« To prove inflation, get some inflated data | Main | Gelman's Museum of Scholarly Misconduct »


Feed You can follow this conversation by subscribing to the comment feed for this post.


Did you read the actual study though? The media reports about it are quite wrong! The study found that people actually screened for colonoscopy had a 50% lower chance of dying from colon cancer.




Cris: As I mentioned, I will post about the study's findings separately. However, I did scan through it before writing this post, and the finding you cited belongs to category (d) of the common reactions when studies don't confirm prior beliefs.

Here is the summary found on the first page of the published paper:

"During a median follow-up of 10 years, 259 cases of colorectal cancer were diagnosed in the invited group as compared with 622 cases in the usual-care group. In intention-to-screen analyses, the risk of colorectal cancer at 10 years was 0.98% in the invited group and 1.20% in the usual-care group, a risk reduction of 18% (risk ratio, 0.82; 95% confidence interval [CI], 0.70 to 0.93). The risk of death from colorectal cancer was 0.28% in the invited group and 0.31% in the usual-care group (risk ratio, 0.90; 95% CI, 0.64 to 1.16)"

The particular result you mentioned is the "per protocol" analysis which is not the primary analysis pre-registered in the trial. I will explain in the upcoming post why "per protocol" analysis is not considered the proper analysis (except in Covid-19 emergency-use studies!). As I wrote in this post, the biggest problem with coming up with alternative analyses is that when one method is found to deliver the comfortable/desirable outcome, then there is a tendency to throw away the proper or other analyses with the opposite results, which is exactly what's happening right now.

At best, one can regard this as something to think about but in no way should the "per protocol" analysis replace or overrule the "intention to screen" analysis.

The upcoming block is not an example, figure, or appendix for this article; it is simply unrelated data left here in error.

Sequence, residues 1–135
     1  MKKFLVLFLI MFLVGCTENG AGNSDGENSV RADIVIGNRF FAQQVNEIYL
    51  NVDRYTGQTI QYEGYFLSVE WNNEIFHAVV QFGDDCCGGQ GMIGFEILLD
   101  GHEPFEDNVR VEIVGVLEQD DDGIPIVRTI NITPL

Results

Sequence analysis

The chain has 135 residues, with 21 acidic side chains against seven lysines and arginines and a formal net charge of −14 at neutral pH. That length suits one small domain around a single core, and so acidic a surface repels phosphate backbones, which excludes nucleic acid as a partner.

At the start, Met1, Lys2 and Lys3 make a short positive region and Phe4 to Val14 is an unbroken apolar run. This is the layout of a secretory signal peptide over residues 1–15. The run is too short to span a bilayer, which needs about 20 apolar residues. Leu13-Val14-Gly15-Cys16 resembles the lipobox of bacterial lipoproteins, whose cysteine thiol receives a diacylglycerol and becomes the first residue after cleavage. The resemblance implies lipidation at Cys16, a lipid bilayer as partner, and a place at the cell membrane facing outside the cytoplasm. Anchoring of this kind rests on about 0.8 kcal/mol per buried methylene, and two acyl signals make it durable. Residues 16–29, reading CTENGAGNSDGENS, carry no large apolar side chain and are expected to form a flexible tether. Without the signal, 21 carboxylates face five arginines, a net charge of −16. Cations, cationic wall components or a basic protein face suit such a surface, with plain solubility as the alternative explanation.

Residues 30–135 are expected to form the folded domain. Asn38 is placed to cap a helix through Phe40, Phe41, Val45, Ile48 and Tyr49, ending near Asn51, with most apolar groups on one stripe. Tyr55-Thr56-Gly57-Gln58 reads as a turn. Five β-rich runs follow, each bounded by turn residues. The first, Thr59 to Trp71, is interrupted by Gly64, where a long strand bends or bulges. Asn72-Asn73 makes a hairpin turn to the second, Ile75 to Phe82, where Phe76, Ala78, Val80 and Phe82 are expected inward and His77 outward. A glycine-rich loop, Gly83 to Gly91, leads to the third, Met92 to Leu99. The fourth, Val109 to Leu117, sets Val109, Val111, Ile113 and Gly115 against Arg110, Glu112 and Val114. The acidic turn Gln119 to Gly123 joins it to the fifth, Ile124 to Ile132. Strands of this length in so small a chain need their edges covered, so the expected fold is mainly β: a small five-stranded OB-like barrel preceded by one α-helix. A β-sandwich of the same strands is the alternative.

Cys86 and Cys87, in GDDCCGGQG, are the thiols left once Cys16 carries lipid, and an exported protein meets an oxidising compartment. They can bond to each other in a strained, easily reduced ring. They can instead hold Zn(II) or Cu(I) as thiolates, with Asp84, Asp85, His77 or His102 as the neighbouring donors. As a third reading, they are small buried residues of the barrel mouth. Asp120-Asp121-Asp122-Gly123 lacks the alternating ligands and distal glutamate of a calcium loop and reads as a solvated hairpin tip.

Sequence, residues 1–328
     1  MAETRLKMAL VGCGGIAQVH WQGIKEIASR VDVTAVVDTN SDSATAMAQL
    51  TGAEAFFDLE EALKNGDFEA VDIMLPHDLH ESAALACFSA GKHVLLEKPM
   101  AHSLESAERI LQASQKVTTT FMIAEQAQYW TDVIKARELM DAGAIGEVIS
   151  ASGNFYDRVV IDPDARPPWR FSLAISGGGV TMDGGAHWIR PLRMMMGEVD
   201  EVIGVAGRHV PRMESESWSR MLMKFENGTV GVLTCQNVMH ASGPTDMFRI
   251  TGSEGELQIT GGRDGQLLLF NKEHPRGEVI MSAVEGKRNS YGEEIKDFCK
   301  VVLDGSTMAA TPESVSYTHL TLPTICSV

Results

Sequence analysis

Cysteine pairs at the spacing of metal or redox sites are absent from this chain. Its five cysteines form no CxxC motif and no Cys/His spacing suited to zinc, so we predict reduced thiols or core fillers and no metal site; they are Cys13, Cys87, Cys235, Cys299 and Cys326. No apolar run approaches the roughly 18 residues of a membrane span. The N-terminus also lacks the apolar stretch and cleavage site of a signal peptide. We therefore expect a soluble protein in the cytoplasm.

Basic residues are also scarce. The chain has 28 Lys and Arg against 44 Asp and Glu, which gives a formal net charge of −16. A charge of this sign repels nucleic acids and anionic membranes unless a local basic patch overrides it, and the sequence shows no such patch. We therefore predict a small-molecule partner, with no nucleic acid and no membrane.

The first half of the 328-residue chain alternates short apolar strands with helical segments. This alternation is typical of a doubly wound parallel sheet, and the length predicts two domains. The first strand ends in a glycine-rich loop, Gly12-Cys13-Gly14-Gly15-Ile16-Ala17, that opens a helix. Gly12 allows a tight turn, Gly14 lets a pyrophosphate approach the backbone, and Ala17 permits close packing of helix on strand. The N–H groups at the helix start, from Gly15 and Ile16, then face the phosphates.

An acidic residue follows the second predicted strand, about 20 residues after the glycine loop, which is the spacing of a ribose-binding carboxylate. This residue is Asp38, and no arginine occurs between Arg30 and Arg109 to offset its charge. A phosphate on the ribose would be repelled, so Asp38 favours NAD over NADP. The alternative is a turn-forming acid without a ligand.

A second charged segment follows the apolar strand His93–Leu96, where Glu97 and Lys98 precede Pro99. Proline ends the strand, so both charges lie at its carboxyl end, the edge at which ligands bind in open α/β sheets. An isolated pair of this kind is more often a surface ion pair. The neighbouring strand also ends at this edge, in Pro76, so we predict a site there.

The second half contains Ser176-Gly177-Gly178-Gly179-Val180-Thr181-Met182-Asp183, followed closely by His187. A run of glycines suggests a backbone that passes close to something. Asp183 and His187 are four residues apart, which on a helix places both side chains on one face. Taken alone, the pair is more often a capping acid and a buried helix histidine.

Interesting! Nevertheless, your remarks on "per protocol" may have some merit, yet the study still has never been an RCT of colonoscopy but an RCT of "invitation to colonoscopy". Pre-registering or not does not change this basic fact, doesn't it? You should definitely address this common sense objection in your upcoming discussion of the study.


gg: Yes, I'll be addressing those as well. The post is being drafted as I write this. The key is to understand the process of doing science. Pre-registering means that the community has thought through many of these issues, and agreed to a specific way of running this experiment. What I'm objecting to in this post is changing the rules of the game after seeing the results - in particular, when the same arguments would not have been applied if the results came out differently.

Further, the proponents of what you call the "common sense" argument tout the "adjusted per-protocol" analysis which is also performed on the "invitation to screening" experiment.

The comments to this entry are closed.

Get new posts by email:
Kaiser Fung. Business analytics and data visualization expert. Author and Speaker.
Visit my website. Follow my Twitter. See my articles at Daily Beast, 538, HBR, Wired.

See my Youtube and Flickr.


  • only in Big Data
Numbers Rule Your World:
Amazon - Barnes&Noble

Amazon - Barnes&Noble

Junk Charts Blog

Link to junkcharts

Graphics design by Amanda Lee

Next Events

Jan: 10 NYPL Data Science Careers Talk, New York, NY

Past Events

Aug: 15 NYPL Analytics Resume Review Workshop, New York, NY

Apr: 2 Data Visualization Seminar, Pasadena, CA

Mar: 30 ASA DataFest, New York, NY

See more here

Principal Analytics Prep

Link to Principal Analytics Prep